The scattered light from the test point S on the disk 1 which has been received by the objective lens 521 is parallel light that passes through the center hole in the mirror 515 to be launched into an imaging lens 522 which in turn forms the image of the test point S on the light receiving surface of an APD sensor 523. The APD sensor 523 corresponds to the light receiver 322 in FIG. 4. A detection signal (output signal) from the APD sensor 523 is input to a signal processing circuit 41 in a surface defect detecting and processing unit 4, where the defect F is detected. The size of the defect is classified or calculated from the amplitude of the output signal. The sensitivity of the signal processing circuit 41 is adjusted in accordance with the settings of various types of defects that have been predetermined by the circuit which then detects the size of the defect, optionally together with its depth or height.
FIG. 2 shows enlarged the relationship between the illuminating light from the cylindrical objective lens 516 and the scattered light to the objective lens 521. As shown, the angle of illumination from the cylindrical objective lens 516 ranges between θ1 and θ2 relative to the surface 1 a of the disk 1. The annular light is focused at the test spot S with the angle of illumination between θ1 and θ2 being nearly equal to or smaller than about 65 degrees, so even if the point of focus of the illuminating light moves from the disk surface 1 a into the bulk on account of vertical displacements of the disk 1, the diffusion of the incident light increases and its intensity decreases as the distance from the surface 1 a increases toward the reverse surface 1 b. As a result, less light is reflected from the reverse surface 1 b and due to the diffusion of light from the test point S, only a very small amount of light is scattered from a defect on the reverse surface 1 b to travel above the test spot S toward the objective lens 521 surrounded by the annular rays of light whereas a comparatively large amount of scattered light from defects near to the surface layer of the disk is selected by the objective lens 521. Even if the rotation of the disk 1 causes the positions of the disk surface 1 a and the reverse surface 1 b to change as indicated by the dashed lines, the point of focus S on the surface 1 a is less likely to reach the reverse surface 1 b and, hence, the detecting light is less susceptible to the effects of the defects and extraneous substances on the reverse surface 1 b.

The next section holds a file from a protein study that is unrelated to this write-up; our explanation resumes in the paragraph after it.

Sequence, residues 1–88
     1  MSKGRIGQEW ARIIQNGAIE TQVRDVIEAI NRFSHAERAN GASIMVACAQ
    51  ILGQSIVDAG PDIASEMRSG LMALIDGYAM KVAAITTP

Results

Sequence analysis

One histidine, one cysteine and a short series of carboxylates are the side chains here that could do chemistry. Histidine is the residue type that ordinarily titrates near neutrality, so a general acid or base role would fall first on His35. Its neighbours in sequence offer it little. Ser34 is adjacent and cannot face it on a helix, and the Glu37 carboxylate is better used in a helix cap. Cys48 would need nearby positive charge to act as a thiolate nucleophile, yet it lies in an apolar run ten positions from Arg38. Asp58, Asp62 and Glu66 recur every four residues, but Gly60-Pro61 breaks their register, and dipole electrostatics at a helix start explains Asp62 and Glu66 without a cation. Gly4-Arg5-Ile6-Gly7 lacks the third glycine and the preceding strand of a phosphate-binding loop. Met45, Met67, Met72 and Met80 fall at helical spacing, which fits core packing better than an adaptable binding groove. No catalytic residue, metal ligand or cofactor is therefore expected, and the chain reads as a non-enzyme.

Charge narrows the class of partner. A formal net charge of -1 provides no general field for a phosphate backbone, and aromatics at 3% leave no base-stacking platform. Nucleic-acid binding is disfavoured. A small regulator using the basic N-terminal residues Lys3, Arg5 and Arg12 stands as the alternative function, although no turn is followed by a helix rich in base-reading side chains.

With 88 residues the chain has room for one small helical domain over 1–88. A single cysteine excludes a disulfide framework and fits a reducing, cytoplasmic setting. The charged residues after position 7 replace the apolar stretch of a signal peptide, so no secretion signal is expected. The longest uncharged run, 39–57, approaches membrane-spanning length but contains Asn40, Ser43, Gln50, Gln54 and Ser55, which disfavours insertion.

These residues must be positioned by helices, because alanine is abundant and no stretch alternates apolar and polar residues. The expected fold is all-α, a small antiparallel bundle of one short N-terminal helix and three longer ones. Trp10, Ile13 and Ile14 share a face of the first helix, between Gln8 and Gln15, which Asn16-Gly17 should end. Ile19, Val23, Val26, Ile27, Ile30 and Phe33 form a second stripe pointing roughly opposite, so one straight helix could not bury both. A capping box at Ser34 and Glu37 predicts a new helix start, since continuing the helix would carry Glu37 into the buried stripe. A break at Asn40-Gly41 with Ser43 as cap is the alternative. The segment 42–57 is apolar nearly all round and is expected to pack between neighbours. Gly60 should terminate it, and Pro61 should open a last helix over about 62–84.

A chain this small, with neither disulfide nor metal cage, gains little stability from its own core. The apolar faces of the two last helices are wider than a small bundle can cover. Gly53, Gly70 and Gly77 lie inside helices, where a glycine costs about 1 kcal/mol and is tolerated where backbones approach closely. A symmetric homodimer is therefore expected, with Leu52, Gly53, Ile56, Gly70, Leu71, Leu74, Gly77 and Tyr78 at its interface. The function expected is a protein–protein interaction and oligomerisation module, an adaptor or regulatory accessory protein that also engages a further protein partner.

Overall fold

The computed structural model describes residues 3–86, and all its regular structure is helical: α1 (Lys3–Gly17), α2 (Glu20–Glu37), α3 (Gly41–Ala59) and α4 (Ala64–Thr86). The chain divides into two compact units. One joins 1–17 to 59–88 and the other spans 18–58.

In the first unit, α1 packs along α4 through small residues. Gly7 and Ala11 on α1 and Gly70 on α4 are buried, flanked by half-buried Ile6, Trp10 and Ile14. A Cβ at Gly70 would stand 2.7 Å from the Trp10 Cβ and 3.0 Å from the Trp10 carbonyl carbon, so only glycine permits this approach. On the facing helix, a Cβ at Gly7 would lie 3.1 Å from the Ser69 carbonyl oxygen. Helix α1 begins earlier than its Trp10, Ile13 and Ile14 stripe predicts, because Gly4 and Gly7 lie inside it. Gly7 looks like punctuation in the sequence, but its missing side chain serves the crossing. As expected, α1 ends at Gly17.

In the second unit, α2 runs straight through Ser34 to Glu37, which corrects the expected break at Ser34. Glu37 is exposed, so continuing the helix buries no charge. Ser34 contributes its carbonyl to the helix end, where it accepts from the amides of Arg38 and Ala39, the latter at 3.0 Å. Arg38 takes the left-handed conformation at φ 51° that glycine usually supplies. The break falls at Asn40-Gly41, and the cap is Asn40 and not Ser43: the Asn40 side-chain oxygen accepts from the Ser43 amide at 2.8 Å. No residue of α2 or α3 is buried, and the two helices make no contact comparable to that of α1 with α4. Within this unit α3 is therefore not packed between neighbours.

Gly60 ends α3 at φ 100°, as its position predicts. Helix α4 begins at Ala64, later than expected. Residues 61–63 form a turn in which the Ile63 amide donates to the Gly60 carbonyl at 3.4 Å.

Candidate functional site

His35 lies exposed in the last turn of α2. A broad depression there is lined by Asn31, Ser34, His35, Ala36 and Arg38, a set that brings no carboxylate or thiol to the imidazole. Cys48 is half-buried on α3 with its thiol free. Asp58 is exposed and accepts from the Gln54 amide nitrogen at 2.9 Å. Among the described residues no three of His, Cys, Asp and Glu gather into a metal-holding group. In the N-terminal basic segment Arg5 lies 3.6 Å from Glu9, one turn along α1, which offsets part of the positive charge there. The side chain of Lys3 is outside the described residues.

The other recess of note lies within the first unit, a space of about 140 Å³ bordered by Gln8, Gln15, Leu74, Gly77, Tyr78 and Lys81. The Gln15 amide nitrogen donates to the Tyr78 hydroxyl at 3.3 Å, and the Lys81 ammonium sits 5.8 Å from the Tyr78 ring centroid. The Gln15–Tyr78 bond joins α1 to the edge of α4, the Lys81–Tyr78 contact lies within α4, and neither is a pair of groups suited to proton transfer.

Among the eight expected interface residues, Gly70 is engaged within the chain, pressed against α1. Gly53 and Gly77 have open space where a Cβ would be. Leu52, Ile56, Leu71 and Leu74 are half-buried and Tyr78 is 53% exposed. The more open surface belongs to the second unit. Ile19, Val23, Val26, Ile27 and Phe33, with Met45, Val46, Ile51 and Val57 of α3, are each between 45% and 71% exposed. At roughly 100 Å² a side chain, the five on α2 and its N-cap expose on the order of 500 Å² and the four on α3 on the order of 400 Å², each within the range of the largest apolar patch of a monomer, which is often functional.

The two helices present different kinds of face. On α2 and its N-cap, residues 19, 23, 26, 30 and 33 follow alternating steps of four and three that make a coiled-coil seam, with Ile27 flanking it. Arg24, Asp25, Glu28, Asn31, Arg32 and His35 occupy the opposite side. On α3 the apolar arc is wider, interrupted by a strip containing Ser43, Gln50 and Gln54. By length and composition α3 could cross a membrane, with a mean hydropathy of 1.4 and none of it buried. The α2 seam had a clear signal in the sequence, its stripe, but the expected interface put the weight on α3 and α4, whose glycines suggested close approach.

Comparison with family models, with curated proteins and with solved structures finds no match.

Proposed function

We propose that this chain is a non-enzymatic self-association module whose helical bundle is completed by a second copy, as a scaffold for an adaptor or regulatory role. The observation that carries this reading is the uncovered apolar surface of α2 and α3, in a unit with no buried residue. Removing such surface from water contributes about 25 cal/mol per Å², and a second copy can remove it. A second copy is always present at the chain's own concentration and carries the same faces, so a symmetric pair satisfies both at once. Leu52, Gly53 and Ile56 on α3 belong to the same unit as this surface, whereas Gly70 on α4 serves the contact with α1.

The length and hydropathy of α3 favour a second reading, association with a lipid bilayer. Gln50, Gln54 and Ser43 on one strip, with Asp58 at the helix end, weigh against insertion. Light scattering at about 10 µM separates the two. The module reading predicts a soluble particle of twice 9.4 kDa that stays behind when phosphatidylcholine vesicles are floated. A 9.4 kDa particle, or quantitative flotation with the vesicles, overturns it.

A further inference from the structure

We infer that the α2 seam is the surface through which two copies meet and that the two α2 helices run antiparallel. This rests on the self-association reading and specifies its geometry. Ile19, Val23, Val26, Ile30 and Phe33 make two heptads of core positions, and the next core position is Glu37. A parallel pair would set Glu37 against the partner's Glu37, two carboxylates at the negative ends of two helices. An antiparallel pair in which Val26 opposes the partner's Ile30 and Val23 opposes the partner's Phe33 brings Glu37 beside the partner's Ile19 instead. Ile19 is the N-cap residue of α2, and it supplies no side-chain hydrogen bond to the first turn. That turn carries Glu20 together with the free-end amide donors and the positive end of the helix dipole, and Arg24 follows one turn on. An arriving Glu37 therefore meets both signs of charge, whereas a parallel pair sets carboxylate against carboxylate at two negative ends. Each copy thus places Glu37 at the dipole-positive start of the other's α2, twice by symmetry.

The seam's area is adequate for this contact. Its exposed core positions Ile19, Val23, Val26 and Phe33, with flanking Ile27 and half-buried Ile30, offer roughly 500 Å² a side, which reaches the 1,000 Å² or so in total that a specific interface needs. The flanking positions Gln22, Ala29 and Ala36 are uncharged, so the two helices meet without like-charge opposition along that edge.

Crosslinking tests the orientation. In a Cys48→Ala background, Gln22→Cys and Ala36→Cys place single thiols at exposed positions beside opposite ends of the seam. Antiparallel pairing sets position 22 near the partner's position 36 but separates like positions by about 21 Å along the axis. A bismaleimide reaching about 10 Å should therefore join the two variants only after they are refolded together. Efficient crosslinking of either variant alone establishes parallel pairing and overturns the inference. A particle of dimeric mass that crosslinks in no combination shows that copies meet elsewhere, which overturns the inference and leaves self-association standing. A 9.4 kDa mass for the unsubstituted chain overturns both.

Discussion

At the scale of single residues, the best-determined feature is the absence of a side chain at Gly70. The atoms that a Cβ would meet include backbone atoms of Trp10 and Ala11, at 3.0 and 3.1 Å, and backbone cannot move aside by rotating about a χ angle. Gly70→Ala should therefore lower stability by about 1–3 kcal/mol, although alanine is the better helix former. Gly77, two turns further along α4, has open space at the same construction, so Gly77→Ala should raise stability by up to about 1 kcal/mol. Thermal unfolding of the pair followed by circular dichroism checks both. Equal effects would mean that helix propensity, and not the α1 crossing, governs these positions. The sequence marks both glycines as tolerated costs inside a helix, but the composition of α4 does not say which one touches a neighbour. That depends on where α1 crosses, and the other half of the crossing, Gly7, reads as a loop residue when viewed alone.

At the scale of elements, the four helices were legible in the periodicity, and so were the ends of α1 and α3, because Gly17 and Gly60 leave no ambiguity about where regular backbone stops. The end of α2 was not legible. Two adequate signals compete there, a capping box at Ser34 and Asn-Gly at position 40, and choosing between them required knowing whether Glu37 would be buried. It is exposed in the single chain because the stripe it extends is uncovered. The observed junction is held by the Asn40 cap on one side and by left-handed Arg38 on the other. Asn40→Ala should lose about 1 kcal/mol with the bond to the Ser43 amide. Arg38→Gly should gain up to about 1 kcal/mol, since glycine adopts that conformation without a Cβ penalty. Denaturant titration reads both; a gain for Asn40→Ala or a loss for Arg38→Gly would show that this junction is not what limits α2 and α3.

As a consequence, the S/N ratio of the detection signals obtained from the APD sensor 523 improves to realize the production of an optical system capable of precise detection of defects on the obverse surface of a disk without being adversely affected by the defects on its reverse surface.
FIG. 3 shows in partial section an optical member that may be substituted for the cylindrical objective lens 516 to focus the illuminating light at the test spot S on the disk 1 and which consists of an annular lens and a focusing spherical mirror capable of multiple reflections. The focusing spherical mirror 517 consists of a concave lower mirror 518 and a convex upper mirror 519. The two mirrors are doughnut-shaped and their principal parts overlap each other, with their inner reflective faces being opposed. The annular lens 520 which is provided above the spherical mirror 517 is fabricated by boring the center of a planoconcave lens to ensure an optical path 521 a for the light to be received by the objective lens 521. According to another function of the annular lens 520, the annular rays of parallel light 520 a falling down from the annular mirror 515 are refracted toward the test point S (the point of focus) so that they are guided to the concave lower mirror 518. The concave lower mirror 518 has a reflecting part 518 a that does not overlap the convex upper mirror 519 but protrudes outward. This part receives the incident light (annular light 520 a) from above and reflects it toward the convex upper mirror 519. The convex upper mirror 519 has an inner reflecting part 519 a that guides the annular light 520 a to be focused at the test point S. The combination of the two mirrors 518 and 519 thus enables the annular light to be focused at the test point S.